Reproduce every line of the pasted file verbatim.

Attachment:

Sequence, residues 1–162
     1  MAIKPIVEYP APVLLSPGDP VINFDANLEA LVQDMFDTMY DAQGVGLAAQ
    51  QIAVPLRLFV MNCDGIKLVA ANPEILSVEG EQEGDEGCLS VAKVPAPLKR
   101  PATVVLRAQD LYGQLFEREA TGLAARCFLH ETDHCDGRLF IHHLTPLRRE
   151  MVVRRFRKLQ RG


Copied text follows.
Sequence, residues 1–162
     1  MAIKPIVEYP APVLLSPGDP VINFDANLEA LVQDMFDTMY DAQGVGLAAQ
    51  QIAVPLRLFV MNCDGIKLVA ANPEILSVEG EQEGDEGCLS VAKVPAPLKR
   101  PATVVLRAQD LYGQLFEREA TGLAARCFLH ETDHCDGRLF IHHLTPLRRE
   151  MVVRRFRKLQ RG